Life’s not just a beach for Margaritaville hotels
 
Life’s not just a beach for Margaritaville hotels
17 NOVEMBER 2017 8:38 AM

The song “Margaritaville” is 40 years old, but Jimmy Buffett’s hotel chain is only beginning to make its mark among developers, according to Rick Cunningham, the company’s VP of hotel development.

PHOENIX—Forty years after the song “Margaritaville” put music fans in a relaxed state of mind, the top development executive of the hotel/resort chain of the same name is looking to continue spreading the brand’s reach.

Rick Cunningham, who spent 19 years with InterContinental Hotels Group prior to joining Margaritaville Hospitality Group as VP of hotel development in February, said the brand’s identity permeates the development and guest communities because it reflects the mindset of Jimmy Buffett, who wrote the song and spearheads all things Margaritaville.

“We are truly a lifestyle brand—the lifestyle is what people live,” Cunningham said during a break at the recent Lodging Conference. “I don’t have to explain what this lifestyle brand is. The following we’ve had for years resonates. To be part of a true lifestyle and attach a lifestyle.”

Exposure for Margaritaville includes a Sirius XM channel, 10 restaurant concepts in its portfolio—including more than 50 restaurants with the Margaritaville name—and 250 college ambassadors spreading the word. In addition, the company announced an adult active community for those 55 and over on nearly 7,000 acres outside of Daytona Beach, Florida.

“When Margaritaville approached me, I didn’t know that much about it,” Cunningham said. “The more I talked the more excited I got. To see all the consumer touchpoints, I thought, ‘Wow, this is pretty widespread.’”

Margaritaville’s collection of hotels and resorts includes:

  • Margaritaville Resort Biloxi (Mississippi);
  • Margaritaville Resort Casino Bossier City (Louisiana);
  • Margaritaville Beach Resort Grand Cayman (Cayman Islands);
  • Margaritaville Hollywood Beach Resort (Florida);
  • Margaritaville Key West Resort and Marina (Florida);
  • Margaritaville Beach Hotel in Pensacola Beach (Florida);
  • Margaritaville Island Hotel in Pigeon Forge (Tennessee);
  • Margaritaville Island Inn in Pigeon Forge (Tennessee);
  • Margaritaville Vacation Club by Wyndham (Puerto Rico); and
  • Margaritaville Vacation Club by Wyndham (U.S. Virgin Islands).

Cunningham said the brand’s hotel pipeline consists of 13 additional locations in active development, including the Margaritaville Resort Orlando, Margaritaville Resort Gatlinburg, Margaritaville Resort Vicksburg, a Margaritaville Hotel in Nashville and all-inclusive resorts throughout the Caribbean in partnership with Karisma Hotels & Resorts.

The concept has no minimum or maximum room count and location isn’t a cookie-cutter approach, he said.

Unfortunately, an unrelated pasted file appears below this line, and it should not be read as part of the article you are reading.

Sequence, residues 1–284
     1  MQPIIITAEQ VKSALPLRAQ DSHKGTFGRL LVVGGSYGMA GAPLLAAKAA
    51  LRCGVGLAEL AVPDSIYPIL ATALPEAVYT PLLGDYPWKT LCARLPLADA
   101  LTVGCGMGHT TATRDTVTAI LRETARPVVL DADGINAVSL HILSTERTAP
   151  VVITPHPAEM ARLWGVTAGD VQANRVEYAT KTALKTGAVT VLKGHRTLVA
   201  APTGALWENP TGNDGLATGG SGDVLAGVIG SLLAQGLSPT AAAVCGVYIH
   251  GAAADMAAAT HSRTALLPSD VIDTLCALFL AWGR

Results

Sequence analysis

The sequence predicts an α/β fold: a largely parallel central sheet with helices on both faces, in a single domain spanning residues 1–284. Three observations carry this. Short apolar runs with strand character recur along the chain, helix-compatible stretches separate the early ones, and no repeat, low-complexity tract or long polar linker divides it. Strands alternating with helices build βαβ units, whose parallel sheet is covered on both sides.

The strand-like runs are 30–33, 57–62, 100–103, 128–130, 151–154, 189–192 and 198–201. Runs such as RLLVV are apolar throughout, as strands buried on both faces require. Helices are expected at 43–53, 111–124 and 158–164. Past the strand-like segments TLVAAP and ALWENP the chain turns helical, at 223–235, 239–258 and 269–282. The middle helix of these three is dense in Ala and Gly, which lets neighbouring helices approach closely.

“We’re open to the market and what the opportunity is,” he said. “Any of the top 25 MSAs … we definitely would like to be there but it’s got to be the right location in those. Wherever we are in the market we certainly want to have corporate, but it needs to be in an area where you’re going to get good leisure exposure, too.

“I love new builds, but in some markets cost of land is prohibitive.”

The 349-room Hollywood Beach project, which opened in 2015 after a two-year construction period, has quickly become the flagship of the brand. Cunningham said it allows the company to walk potential developers through the property’s eight restaurant concepts to show them the specific direction and appeal of each offering.

“We have some very proven restaurant products … it gives hoteliers a comfort level on the F&B site that we can plug and play with,” he said. “It helps that bottom-line number that a lot of hoteliers aren’t comfortable with.”

The restaurant concepts tend to attract patrons from outside the hotel, which adds to exposure, Cunningham said.

While “Margaritaville” invokes images of sand and surf, the brand’s hotels don’t necessarily have to be located on a beach to be successful, according to Cunningham.

“People in their minds think of Margaritaville as relaxing fun,” Cunningham said. “They correlate that with places they like. In our Pigeon Forge property, they’ve done a very good job tying in the coastal feel with the mountain feel. It can be done.

“People think of the beach locations first, but lake locations are also really good,” he said, adding that Tan-Tar-A Resort in Osage Beach, Missouri, is being repositioned as a Margaritaville property. “For developers, if there’s an opportunity to reposition a lake resort, that’s something to consider. It’s designed for guests to use it as an escape—wherever it is.”

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